Why I love obituaries
Obituaries are right up there at the top of the list of things I like to read in the newspaper.
It’s not that I have a ghoulish preoccupation with death, or at least I don’t think so. It’s that obituaries are often the deceased’s and his or her family’s last opportunity to sum up, to say a final word or two. If they’re well-written, they’re really little biographies. I spent a good part of my early career writing obituaries, and enjoyed doing so.
It used to be that some of the best newspaper writing could be found in the obituary columns, though today the notices tend to be paid advertisements in which families get to say whatever they’d like. I enjoy that, too, because they get to choose their own way of saying how the deceased left. I’ve always favored the straightforward “died,” but survivors tend to prefer gentle euphemisms like “passed on” and “passed away” and “went to heaven.”
They used to “expire” occasionally too, though that always sounded to me like somebody forgot to renew their subscription.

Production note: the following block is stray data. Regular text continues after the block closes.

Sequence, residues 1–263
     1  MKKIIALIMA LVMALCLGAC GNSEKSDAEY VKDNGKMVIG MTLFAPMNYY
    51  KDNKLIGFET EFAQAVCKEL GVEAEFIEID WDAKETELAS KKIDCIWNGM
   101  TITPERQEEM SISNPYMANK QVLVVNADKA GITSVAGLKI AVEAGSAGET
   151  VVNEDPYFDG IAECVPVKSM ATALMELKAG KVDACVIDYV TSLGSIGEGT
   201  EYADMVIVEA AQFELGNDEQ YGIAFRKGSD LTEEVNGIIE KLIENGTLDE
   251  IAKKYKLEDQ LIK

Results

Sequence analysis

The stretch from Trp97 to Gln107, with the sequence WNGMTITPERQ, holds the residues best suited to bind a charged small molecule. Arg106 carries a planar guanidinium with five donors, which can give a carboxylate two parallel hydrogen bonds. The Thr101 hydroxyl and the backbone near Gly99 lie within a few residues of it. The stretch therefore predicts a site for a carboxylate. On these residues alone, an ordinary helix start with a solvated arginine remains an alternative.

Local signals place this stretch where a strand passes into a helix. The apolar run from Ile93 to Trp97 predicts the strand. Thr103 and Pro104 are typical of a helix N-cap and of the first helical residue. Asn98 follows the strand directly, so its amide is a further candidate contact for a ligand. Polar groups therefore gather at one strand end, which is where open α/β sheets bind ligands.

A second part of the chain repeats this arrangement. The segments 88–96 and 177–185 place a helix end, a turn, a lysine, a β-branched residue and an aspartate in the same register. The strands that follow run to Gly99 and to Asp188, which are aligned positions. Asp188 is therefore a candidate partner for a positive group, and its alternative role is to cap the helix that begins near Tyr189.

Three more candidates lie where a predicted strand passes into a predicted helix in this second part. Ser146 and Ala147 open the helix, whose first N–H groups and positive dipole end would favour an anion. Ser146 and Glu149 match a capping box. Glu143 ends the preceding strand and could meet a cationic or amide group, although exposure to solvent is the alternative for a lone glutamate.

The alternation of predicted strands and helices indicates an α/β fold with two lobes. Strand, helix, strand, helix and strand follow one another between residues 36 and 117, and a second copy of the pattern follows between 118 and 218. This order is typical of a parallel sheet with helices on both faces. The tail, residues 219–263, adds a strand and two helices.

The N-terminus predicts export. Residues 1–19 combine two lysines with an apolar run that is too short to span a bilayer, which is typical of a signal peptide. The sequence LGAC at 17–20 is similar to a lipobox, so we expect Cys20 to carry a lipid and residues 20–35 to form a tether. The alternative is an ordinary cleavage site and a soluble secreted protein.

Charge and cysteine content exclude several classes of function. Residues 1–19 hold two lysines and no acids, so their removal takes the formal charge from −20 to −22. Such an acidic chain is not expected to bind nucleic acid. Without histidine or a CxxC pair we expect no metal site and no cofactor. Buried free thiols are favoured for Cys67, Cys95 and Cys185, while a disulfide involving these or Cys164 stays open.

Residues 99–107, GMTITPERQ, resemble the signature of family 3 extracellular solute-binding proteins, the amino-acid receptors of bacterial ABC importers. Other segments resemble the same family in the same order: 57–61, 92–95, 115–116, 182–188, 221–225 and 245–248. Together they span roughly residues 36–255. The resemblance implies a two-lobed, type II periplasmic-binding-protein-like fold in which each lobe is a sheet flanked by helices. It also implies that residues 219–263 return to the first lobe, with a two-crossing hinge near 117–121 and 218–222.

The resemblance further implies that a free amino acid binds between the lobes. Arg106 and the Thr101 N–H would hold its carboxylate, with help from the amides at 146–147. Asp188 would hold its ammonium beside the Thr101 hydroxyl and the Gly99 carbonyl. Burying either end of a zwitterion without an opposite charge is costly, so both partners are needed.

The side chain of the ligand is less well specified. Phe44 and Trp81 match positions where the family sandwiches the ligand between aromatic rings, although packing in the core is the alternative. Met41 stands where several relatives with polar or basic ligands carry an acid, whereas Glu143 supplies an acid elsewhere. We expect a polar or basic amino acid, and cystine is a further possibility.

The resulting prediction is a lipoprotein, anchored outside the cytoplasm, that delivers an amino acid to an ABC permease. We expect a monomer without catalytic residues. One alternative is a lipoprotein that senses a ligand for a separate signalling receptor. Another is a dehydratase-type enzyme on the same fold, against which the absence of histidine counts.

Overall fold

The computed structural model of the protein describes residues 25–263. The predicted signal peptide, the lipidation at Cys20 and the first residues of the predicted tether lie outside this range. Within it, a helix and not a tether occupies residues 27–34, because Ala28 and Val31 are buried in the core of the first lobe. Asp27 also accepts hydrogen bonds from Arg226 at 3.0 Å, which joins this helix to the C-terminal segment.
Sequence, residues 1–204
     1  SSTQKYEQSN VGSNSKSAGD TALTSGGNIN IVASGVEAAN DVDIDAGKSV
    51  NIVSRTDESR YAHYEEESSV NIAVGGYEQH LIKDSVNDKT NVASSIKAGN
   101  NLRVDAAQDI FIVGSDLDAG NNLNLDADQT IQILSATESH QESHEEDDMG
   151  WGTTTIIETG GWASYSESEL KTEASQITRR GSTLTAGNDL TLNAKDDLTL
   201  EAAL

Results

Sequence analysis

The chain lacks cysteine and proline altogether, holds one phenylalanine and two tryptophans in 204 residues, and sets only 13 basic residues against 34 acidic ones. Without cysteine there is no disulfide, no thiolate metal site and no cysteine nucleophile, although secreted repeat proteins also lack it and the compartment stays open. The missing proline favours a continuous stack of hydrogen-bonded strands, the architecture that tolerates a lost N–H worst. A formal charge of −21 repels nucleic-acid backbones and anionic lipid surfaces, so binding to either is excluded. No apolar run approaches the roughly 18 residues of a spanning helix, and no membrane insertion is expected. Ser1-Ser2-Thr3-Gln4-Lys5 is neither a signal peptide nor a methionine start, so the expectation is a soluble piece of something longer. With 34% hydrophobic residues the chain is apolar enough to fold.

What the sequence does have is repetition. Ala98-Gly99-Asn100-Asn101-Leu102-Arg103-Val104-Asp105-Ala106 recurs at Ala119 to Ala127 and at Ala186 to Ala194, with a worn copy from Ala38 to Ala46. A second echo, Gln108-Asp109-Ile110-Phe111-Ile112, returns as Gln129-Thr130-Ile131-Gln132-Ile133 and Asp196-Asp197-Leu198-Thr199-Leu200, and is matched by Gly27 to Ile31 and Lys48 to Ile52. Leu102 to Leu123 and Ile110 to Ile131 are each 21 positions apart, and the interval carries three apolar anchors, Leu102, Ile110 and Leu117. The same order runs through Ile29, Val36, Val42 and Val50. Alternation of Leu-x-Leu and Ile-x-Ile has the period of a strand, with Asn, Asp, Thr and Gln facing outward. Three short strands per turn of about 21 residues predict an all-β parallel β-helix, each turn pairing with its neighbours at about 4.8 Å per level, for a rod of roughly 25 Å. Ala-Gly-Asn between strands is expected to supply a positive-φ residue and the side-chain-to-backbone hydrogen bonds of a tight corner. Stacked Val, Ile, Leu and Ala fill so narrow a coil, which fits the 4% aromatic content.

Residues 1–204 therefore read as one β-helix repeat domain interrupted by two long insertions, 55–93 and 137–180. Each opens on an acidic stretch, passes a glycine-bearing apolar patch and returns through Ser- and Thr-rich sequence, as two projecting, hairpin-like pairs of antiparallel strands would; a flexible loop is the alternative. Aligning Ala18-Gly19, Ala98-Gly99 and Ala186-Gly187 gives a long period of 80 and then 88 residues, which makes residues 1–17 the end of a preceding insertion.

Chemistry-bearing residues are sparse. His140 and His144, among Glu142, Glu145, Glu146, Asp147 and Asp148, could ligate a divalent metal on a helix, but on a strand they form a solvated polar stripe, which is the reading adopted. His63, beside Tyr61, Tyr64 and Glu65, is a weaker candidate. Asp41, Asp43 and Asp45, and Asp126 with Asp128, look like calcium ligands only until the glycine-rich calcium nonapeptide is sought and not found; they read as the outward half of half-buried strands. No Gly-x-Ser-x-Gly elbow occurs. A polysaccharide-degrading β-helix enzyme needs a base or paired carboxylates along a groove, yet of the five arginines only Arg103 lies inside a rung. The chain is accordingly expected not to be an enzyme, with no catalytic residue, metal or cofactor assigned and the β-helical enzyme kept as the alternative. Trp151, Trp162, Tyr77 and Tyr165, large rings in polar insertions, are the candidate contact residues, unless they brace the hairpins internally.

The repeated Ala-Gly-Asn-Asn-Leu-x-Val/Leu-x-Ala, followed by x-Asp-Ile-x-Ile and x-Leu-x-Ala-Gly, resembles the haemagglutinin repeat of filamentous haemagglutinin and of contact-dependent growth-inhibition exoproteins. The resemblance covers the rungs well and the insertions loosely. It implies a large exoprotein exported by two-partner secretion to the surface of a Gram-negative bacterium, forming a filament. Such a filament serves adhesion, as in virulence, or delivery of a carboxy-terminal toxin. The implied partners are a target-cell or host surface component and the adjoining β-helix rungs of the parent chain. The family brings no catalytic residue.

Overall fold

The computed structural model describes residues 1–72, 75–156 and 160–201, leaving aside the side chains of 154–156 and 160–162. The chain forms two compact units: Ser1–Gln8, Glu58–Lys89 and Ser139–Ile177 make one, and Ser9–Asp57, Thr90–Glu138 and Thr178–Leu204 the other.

Have you noticed, too, that hardly anyone dies alone. They always seem to be surrounded by their loving family.
Given a choice, I’d prefer to ask loving family if they’d give me a moment so I could gasp my last breath out of earshot and out of view. But, that’s me.
I enjoy when people really have nothing to say about their dead relative but feel compelled to come up with something. So they write that he liked to go out to dinner, or enjoyed watching TV, or loved his special companion, Fluffy. I say why not just say it: He died of boredom.
I also like obituaries in which the dearly departed or his family take one last shot at his pet peeve. “Mr. Smith hated Ford automobiles,” was a line in an obituary in a California newspaper a decade or so ago that still makes me smile.
My favorites — and they’re rare — are the obituaries which demonstrate the subject had a keen sense of humor.
Martin “Marty” Gersten, a furniture salesman of note in the Glens Falls area for many years, died at the age of 83 on Monday, according to his obituary in The Post-Star.
The obit said he was known for “his endearing sense of humor,” which I would have guessed by the time I finished reading it.
Friends were invited to call at a local funeral home from 1 to 3 p.m. today. “The first 100 to express their condolences will receive a delicious box of Good and Plenty candy.”
Zoom! Right to the top of my list of favorite obituaries.
Irv Dean is the Gazette’s city editor. Reach him by e-mail to firstname.lastname@example.org.